The artists included in the MACBA exhibition are Ignasi Aballí, Pep Agut, Lara Almarcegui, Frederic Amat, Art & Language, ASPEN, Miquel Barceló, Eric Baudelaire, Thomas Bayrle, Bleda & Rosa, Josep Branguli, K.P Brehmer, Marcel Broodthaers, Joan Brossa, Jean Marc Bustamante, Tino Calabuig, Miguel Ángel Campano, Francesc Català-Roca, Santiago Cirugeda, Club 49, Cobalto, Joan Colom, Jordi Colomer, Constant, Alberto Corazón, Tony Cragg, Alice Creischer, Leandre Cristòfol, Modest Cuixart, Antoni Cumella, Eduardo Chillida, Christo, Dau al Set, Juan Delcampo, Marcel Duchamp, Pep Duran, Equipo Crónica, Raimundo Escalada, Öyvind Fahlström, Luis Feito, Lucio Fontana, Günther Förg, Ferran Garcia Sevilla, Iñaki Garmedia, GATCPAC, Ricard Giralt-Miracle, Rodney Graham, Grup de Treball, Hans Haacke, Richard Hamilton, Joan Hernández Pijuan, Jenny Holzer, Craigie Horsfield, Sanja Iveković, Josep Maria Junoy, William Kentridge, Paul Klee, Harald Klingelhöller, Manolo Laguillo, Sherrie Levine, Antoni Llena, Asier Mendizabal, Josep Maria M Quadreny, Manolo Millares, Miralda, Joan Miró, Ana Muller, Muntadas, Juan Muñoz, Rafael Nogueras Oller, Jorge Oteiza, Pablo Palazuelo, Raimundo Patiño, Carlos Pazos, Perejaume, Joan Ponç, Pere Portabella, Joan Rabascall, Xavier Ribas, Martha Rosler, Diether Roth, Thomas Ruff, Joan Salvat-Papasseit, Antonio Saura, Jean-Louis Schoellkopf, José María Sicilia, Alberto Solsona, Haim Steinbach, Antoni Tàpies, Joan Josep Tharrats, Philippe Thomas, Francesc Torres, Joaquín Torres-García, Gediminas y Nomedas Urbonas, Oriol Vilanova, Edgardo Antonio Vigo, Jeff Wall, Christopher Williams.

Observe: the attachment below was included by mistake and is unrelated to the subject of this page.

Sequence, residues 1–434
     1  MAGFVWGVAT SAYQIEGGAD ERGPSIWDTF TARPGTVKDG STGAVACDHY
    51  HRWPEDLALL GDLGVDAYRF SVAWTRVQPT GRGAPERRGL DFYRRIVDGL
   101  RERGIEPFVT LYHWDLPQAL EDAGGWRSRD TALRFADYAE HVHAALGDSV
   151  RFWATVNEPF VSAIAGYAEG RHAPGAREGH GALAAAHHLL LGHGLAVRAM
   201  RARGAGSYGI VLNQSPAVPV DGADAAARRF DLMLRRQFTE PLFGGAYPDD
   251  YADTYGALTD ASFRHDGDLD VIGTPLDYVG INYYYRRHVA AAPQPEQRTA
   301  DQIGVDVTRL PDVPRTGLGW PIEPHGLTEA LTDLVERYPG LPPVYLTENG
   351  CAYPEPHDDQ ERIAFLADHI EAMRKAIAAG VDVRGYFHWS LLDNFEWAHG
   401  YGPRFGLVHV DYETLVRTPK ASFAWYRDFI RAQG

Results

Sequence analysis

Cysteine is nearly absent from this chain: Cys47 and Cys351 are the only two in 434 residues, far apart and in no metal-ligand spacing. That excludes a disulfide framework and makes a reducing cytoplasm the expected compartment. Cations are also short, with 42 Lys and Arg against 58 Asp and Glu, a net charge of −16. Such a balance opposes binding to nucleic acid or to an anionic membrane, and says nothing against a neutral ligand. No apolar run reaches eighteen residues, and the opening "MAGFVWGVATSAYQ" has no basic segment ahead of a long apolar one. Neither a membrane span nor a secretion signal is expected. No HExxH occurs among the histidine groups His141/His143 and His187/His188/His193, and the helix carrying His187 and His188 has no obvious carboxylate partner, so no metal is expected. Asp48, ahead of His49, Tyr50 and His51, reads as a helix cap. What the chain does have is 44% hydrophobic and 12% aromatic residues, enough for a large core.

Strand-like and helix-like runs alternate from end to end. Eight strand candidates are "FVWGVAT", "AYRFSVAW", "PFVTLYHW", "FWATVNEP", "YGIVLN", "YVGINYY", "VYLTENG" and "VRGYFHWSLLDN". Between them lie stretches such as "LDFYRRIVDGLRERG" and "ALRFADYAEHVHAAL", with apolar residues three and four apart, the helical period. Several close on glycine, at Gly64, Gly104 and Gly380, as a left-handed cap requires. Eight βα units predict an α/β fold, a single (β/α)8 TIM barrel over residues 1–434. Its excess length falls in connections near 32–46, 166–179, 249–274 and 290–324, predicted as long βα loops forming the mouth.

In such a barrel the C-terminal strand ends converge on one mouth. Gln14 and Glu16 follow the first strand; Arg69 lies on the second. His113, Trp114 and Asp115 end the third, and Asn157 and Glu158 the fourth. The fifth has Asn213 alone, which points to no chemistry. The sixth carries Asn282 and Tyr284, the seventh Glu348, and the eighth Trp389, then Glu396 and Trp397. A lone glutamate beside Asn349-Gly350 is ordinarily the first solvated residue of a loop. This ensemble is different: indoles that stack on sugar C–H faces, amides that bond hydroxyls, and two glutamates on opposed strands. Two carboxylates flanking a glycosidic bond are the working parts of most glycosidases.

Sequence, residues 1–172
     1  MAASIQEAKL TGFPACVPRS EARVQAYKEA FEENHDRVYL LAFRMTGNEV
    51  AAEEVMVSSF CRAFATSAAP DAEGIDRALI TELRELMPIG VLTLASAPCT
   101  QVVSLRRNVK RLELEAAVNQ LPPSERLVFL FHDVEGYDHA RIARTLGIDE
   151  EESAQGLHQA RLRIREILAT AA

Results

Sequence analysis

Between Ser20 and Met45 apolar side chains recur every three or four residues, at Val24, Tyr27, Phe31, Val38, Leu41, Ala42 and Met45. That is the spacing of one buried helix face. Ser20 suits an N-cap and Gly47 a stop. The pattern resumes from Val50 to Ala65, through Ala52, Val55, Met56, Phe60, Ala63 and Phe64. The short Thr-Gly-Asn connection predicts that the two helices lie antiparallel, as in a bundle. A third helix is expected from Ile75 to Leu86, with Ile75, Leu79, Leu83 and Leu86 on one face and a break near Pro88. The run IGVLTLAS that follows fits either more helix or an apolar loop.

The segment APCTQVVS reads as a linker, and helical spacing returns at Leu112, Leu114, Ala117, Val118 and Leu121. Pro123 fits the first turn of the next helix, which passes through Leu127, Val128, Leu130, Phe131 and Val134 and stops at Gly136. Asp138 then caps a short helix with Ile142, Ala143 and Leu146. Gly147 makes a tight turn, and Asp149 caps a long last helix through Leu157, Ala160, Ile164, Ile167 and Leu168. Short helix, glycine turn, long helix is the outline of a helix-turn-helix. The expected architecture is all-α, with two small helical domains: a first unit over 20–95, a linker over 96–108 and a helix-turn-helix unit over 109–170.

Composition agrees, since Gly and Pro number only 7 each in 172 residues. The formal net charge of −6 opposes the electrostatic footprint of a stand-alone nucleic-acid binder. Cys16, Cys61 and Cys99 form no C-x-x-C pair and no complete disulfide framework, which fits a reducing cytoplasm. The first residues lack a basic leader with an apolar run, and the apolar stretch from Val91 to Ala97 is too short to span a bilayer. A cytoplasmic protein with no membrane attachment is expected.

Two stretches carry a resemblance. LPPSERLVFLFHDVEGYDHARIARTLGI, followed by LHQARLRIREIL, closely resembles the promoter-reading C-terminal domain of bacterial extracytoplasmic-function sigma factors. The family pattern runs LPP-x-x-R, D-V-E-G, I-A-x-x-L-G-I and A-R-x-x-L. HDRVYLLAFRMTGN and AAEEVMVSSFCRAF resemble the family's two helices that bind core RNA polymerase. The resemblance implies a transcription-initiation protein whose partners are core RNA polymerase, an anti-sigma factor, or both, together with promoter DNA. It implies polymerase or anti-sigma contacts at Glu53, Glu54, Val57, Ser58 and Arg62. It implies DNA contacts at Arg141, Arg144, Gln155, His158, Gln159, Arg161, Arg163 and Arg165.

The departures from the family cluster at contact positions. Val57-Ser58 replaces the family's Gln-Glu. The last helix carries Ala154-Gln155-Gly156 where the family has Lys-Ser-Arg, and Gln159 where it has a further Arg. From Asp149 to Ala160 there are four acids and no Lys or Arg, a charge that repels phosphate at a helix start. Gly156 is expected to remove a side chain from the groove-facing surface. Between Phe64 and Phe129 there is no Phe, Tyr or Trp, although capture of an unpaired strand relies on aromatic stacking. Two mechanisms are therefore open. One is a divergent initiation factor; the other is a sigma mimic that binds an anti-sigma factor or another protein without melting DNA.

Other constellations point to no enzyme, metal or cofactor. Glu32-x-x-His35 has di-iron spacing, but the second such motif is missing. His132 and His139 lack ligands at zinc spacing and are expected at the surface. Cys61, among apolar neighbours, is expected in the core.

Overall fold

The artists included in the CaixaForum exhibition are: Tonet Amorós, Janine Antoni, Miroslaw Balka, Joseph Beuys, John Bock, Anne-Lise Coste, Cheryl Donegan, Marlene Dumas, Pepe Espaliú, Ferran García Sevilla, Robert Gober, Félix González-Torres, Ramon Guillén-Balmes, Thomas Hirschhorn, Mike Kelley, Martin Kippenberger, Jannis Kounellis, Reinhard Mucha, Bruce Nauman, Ulrike Ottinger, Tony Ousler, A. R. Penck, Giuseppe Penone, Raymond Pettibon, Jaume Plensa, Ana Prada, Gerhard Richter, Joan Rom, Martha Rosler, Cindy Sherman, Nancy Spero, Antoni Tàpies, Rosemarie Trockel, Franz West, Sue Williams.